Santa Fe Prisoner
Enter a grandparent's name to get started.
John McKnabb, one more of those unfortunate ones who accompanied the disastrous Santa Fe expedition in 1841, was a native of Scotland, and came to Fort Bend County in 1837. He was at Austin during the early building of that place, when the Indians harassed the few settlers almost continually.
In 1841, when the expedition to Santa Fe was inaugurated, John McKnabb was there, and volunteered, as many other young men did, for the perilous trip, and suffered all the hardships of the long march across the plains and sandy deserts; want of water and provisions being the main cause of their sufferings while making their way through to the line of New Mexico. They were all finally captured by the Mexicans and carried to old Mexico, where they worked on the streets, lay in dungeons, and suffered all manner of indignities at the hands of their captors for nearly two years before they were finally released and al-lowed to come home.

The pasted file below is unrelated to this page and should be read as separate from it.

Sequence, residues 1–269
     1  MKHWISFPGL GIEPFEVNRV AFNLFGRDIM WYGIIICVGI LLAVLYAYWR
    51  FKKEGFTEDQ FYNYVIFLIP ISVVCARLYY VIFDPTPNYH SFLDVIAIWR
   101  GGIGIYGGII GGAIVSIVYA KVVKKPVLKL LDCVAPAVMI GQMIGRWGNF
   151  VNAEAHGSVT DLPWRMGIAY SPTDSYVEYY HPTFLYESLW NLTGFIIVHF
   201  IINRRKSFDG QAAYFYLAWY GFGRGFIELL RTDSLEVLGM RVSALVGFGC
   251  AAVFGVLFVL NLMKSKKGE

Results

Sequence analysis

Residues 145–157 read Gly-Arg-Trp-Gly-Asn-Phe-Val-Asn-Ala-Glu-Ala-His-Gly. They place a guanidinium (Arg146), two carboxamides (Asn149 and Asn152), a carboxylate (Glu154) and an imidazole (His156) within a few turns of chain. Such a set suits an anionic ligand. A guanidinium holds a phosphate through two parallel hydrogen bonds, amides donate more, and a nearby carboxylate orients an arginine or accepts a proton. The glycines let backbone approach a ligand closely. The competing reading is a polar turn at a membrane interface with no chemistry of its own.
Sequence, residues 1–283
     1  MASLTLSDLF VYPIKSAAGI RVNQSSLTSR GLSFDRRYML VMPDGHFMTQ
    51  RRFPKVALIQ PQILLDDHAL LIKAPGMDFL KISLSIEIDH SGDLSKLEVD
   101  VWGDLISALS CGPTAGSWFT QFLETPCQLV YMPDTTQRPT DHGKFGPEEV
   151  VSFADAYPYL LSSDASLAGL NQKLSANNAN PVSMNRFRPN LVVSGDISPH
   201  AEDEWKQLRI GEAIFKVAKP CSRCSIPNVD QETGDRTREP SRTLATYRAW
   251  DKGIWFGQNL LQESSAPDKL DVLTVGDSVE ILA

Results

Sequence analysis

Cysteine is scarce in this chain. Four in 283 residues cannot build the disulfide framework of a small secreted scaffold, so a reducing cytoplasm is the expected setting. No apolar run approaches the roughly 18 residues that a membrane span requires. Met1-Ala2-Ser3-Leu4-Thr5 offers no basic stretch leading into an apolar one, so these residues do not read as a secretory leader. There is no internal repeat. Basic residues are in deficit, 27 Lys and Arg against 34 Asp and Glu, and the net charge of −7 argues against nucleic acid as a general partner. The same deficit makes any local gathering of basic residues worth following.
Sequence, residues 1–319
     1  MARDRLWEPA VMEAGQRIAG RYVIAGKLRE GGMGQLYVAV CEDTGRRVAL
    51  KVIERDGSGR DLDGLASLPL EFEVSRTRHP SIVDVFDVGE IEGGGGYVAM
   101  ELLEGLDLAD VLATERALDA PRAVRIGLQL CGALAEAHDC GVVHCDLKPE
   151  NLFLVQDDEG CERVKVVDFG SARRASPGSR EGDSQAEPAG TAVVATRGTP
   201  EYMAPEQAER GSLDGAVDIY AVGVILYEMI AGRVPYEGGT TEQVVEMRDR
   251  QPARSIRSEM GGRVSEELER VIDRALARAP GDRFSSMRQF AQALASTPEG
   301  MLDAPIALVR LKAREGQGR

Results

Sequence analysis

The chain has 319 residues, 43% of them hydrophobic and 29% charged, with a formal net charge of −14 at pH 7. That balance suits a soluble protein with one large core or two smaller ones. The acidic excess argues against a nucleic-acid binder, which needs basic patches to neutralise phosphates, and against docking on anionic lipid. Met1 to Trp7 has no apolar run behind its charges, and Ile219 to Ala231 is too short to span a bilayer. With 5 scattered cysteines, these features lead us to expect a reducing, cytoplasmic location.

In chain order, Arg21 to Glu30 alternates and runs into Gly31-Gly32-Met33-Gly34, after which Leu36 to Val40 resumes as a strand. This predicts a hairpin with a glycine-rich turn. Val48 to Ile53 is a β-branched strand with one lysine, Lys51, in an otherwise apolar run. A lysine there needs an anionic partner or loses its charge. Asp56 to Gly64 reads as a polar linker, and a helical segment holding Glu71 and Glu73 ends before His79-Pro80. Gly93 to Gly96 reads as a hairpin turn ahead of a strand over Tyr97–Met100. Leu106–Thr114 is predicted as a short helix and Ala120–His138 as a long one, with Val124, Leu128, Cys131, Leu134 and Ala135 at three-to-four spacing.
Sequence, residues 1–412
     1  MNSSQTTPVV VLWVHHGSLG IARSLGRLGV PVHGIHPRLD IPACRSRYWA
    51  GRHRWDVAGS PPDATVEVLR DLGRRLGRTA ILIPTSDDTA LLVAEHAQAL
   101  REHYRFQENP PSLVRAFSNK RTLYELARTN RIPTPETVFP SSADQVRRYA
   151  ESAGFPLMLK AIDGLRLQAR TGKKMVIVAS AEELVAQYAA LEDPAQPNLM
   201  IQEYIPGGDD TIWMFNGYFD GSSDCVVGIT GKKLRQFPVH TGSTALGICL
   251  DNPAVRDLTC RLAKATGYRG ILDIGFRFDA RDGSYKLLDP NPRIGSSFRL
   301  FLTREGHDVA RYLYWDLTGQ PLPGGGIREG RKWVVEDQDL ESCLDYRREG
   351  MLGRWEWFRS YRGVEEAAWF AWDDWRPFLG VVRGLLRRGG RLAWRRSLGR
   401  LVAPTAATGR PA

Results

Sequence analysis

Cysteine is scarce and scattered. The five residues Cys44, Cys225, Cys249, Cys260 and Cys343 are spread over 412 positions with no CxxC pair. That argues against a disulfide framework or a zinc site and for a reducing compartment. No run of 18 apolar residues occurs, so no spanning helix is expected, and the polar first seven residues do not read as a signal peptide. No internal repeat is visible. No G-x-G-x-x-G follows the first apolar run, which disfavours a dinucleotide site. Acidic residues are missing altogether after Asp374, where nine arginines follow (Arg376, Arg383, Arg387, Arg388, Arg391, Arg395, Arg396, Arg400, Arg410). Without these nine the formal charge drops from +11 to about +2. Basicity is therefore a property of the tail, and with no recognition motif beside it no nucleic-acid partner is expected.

On the return trip Mr. McKnabb took shipping at Vera Cruz and came to Galveston, and from there to Richmond, Fort Bend County. He died in 1894, and was buried on his farm on the Brazos River, five miles above Richmond. He has one son, A. D. McKnabb, now in the saddlery business in Richmond.